What has Issac Newton done for humanity

Newton's greatest mistake was to deliberately write complicatedly

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In 1987 the physics student Robert Garisto of the University of Chicago discovered a mistake in one of the most influential works of science: the book Philosophiae Naturalis Principia Mathematica by Isaac Newton, published 300 years earlier.

What Newton announced to the world in this book was, so to speak, only justified by modern natural science. It was about much more than "just" the formula for calculating the force of gravity. It was not for nothing that he called the third volume "De mundi systemate", ie the "system of the world". It was indeed an unprecedented piece of work in its generality.

Universal breakthrough

Newton not only showed that one could mathematically calculate the gravitational force acting between two objects. His really great achievement lay in demonstrating the universality of this force. The same laws that determined the movement of the heavenly bodies in the universe also applied to the fall of an apple or the flight of a cannonball. The same force was responsible for the tides, the shape of the earth, and the sway of the earth's axis. Isaac Newton showed the world that the cosmos is determined by universal laws of nature - and that it is possible to describe and apply these laws mathematically.

For this achievement he is rightly considered one of the greatest scientists of all time. But that doesn't change the physics student's findings from 1987: Newton had miscalculated. To demonstrate the effectiveness of his theory, Newton calculated, among other things, the mass and density of the planets. Astronomical observation data were necessary for this; among other things the apparent size of the earth as seen from the sun. According to Newton, this value was 10.5 arc seconds, but he used 11 arc seconds in his calculation.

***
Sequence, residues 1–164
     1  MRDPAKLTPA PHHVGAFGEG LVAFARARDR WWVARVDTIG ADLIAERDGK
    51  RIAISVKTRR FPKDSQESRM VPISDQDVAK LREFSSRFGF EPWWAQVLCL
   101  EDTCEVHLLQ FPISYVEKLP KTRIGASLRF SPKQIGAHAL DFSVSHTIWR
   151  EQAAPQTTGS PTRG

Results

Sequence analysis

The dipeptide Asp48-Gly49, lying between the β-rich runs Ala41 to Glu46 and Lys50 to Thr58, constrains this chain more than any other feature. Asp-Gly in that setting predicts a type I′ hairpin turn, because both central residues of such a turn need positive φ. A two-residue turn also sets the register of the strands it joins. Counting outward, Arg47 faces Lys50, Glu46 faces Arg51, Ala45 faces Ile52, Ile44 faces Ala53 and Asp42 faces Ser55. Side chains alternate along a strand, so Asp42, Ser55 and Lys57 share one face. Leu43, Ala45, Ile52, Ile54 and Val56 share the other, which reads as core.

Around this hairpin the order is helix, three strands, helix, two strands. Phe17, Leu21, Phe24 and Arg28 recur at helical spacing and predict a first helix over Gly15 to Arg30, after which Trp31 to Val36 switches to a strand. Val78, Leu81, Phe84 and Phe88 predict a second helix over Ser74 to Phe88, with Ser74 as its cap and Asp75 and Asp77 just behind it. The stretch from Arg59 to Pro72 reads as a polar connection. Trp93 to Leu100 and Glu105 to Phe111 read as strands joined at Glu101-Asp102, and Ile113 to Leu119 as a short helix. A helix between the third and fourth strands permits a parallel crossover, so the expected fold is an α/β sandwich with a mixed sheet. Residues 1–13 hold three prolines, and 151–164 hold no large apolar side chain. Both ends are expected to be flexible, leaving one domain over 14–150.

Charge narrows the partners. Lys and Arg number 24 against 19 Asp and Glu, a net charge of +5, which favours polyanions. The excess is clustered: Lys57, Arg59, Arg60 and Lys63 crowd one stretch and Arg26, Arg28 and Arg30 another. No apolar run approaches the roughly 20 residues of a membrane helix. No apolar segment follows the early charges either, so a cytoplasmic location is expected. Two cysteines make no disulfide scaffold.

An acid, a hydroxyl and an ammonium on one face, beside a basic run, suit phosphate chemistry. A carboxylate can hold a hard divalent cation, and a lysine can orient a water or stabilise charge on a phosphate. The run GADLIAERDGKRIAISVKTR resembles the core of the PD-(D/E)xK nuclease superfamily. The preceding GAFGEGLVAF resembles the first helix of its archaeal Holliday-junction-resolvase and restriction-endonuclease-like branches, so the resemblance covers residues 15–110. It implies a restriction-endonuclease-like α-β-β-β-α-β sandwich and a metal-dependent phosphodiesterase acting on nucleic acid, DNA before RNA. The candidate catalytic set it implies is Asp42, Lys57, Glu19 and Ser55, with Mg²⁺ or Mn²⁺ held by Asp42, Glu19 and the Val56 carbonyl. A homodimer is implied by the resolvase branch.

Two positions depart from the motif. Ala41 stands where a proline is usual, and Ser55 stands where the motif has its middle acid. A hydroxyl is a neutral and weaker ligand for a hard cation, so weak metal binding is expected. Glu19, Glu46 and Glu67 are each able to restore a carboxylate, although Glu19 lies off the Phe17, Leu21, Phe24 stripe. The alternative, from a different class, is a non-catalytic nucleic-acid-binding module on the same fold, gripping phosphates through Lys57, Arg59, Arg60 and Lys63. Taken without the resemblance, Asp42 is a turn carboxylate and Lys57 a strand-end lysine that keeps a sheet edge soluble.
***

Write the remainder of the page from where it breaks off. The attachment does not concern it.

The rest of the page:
Undiscovered for centuries

Presumably Newton had simply written down a wrong number somewhere on his calculations, or mixed up two numbers. And this mistake probably ended up unnoticed in the final version of the book. That is neither particularly unusual nor reprehensible. You will hardly find a book that does not contain typographical or typographical errors. Other than that, Newton's mistake wasn't particularly tragic. His great discoveries and his impressive description of the cosmos are not influenced by this (and furthermore, thanks to the much better instruments today, we know that the correct value is neither 10.5 nor 11 arcseconds, but 8.8 anyway).

The really remarkable thing about the episode about the physics student who found a calculation error in Newton's work is something completely different: namely, the fact that the error went undetected for 300 years. Even if it is only a minor careless mistake, one should actually assume that such an epochal work has been read by so many people over the course of time that all errors had to be noticed long ago.

But that is precisely the case with the "Mathematical Foundations of Natural Philosophy" - at least not to the extent that it would be appropriate to the meaning of the work and as it applies to similarly influential books.